Preoccupations of the Lower Jaw
The truth is,
the truth is a winged snake
asleep on the tongue;
and the soul, baptized or blemished,
is a gust of wind against a wind chime.
It rises when we flee our flesh suits
and kites and comes and blows,
wherever it knows,
the day we die.
There’s no supposing,
only imprints and illusions
of a head left behind on a pillow,
hair that continues to grow,
limp limbs the subconscious conjures
to make the transition between the life
lived before a life, after a life,
Consider then, the ease of how we lift,
a forkful of pie, for example,
the shift from sweet to tart
to sour in the melodrama of the mouth—
so, too, this forever summer—
the way the late leaves are released
and fall and long to attach back to branches
to feel a hint of wholeness again—
so, too, this business about silence,
this preoccupation of the lower jaw
and its ability to grind all absolutes
down to binary.
His Shaving Tree
This is the cemetery where my father’s buried.
This is the house my aunt and uncle sold.
Over there is pawpaw’s boat.
That’s M&M’s, now known as Buster’s,
where my folks had a tab they paid off every Friday.
That’s the main spot, T-Leens, a bar next to the railroad tracks
where no one died who wasn’t watching
for a train coming.
There’s Saint Paul’s and there’s Saint Joseph’s.
That’s the Boy Scout building at the end of the road
that leads toward the buffalo farm
on the outskirts of the reservation.
This is the farm and there are the pigs penned in.
Those are cumquats, and that’s squash on a vine.
And there’s the field, where when the rain came hard,
held water and swelled to the point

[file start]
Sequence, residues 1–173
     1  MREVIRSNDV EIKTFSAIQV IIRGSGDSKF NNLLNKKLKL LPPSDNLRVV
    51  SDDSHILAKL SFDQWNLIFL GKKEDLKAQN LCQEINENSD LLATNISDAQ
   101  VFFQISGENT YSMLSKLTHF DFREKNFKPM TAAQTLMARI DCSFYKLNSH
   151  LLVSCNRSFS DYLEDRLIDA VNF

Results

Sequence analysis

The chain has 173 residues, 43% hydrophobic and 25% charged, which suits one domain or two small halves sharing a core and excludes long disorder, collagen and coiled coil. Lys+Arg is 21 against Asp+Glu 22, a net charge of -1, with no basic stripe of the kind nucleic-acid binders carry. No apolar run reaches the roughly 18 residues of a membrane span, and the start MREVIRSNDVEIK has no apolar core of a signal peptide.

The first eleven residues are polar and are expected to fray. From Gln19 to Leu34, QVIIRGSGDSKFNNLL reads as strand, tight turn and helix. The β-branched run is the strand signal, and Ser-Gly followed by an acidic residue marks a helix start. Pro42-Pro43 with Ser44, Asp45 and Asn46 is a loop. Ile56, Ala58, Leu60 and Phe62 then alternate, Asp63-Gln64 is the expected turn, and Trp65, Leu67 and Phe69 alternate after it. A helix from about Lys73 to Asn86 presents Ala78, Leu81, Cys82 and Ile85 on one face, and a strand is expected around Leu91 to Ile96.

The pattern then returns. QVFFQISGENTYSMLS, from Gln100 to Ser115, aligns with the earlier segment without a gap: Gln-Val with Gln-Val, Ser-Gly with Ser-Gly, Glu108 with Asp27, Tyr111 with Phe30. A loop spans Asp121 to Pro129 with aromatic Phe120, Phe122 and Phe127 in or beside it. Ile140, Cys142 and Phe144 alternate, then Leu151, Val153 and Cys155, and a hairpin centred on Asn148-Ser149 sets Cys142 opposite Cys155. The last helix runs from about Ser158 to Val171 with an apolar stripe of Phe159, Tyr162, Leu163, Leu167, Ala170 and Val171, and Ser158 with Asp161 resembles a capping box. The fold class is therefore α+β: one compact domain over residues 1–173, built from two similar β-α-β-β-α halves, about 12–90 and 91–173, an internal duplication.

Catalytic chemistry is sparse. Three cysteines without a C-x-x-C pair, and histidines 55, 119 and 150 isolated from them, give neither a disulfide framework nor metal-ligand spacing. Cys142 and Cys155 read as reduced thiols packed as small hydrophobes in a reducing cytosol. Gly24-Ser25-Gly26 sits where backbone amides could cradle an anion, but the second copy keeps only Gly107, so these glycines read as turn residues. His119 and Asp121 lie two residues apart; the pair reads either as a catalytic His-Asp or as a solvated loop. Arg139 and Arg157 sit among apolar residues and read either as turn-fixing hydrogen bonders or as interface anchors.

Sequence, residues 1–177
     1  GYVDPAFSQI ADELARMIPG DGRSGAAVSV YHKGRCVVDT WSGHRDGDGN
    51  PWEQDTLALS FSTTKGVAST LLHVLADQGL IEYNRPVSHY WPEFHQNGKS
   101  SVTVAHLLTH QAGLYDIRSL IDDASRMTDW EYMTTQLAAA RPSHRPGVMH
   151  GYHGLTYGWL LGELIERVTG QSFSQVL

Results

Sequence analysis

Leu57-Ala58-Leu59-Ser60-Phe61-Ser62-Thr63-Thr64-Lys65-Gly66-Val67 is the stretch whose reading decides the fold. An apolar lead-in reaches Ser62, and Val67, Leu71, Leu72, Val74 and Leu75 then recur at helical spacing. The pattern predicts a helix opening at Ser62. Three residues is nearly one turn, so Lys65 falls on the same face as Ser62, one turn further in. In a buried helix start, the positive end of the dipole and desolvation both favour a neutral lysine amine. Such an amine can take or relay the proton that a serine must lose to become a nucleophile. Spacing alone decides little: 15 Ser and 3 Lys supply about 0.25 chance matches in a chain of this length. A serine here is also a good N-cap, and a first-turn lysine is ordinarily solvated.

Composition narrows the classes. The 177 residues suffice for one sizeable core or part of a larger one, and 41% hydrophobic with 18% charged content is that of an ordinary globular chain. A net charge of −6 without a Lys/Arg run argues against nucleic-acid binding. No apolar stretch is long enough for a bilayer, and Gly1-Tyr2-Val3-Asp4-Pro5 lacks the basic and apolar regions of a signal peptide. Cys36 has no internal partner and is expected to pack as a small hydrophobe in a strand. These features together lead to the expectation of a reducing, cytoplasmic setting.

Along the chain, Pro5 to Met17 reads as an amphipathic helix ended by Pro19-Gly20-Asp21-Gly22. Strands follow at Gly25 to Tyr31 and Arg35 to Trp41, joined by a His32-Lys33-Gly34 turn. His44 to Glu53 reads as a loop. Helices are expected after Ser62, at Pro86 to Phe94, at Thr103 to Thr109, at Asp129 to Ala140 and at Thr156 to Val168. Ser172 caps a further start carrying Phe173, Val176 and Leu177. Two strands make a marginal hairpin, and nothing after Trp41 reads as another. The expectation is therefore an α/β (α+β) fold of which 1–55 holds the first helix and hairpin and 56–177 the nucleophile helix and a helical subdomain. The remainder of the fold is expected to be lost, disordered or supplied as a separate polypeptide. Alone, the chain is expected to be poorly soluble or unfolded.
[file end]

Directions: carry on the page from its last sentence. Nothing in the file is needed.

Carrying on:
of my learning to swim and my cousin’s drowning.
They aren’t wasps; they’re mud-daubers.
That’s not a cross. It’s a crucifix on a safety pin.
That’s hot grass and that’s snake grass.
They both burn.
That’s twine and that’s fishing line.
That’s a show horse and that’s a Shetland pony.
Here’s the mirror he mounted
on the trunk of a cypress.
That’s the branch where he skinned deer.
And this is the bucket he filled with pond water
to rinse his shaving razor.
If I didn’t break the ground
the way he wanted,
or plant seeds the depth
he determined good enough
to ensure they’d grow
and the birds stayed away,
he’d walk at me from his burn pile,
take his rake, toss it to the side,
and use sheer leg muscle,
to erase the way I wronged the soil.
With a worn out black boot,
quick slides and stomps,
my father mimicked the harsh part of wind—
the kind of love it takes to break down dirt
to bring it back
to a plantable beginning.
Hillary Joubert received his B.A. degree from Louisiana State University and his M.A. and M.F.A. degrees from McNeese State University in Lake Charles, LA, where he works as an Instructor of English. His most recent poetry has appeared in: Provo Canyon Review, The Golden Key, and Naugatuck River Review. His poetry won a 2009 Louisiana Division of the Arts Fellowship award in Literature and a 2005 Ruth Lilly Fellowship for Young Poets nomination.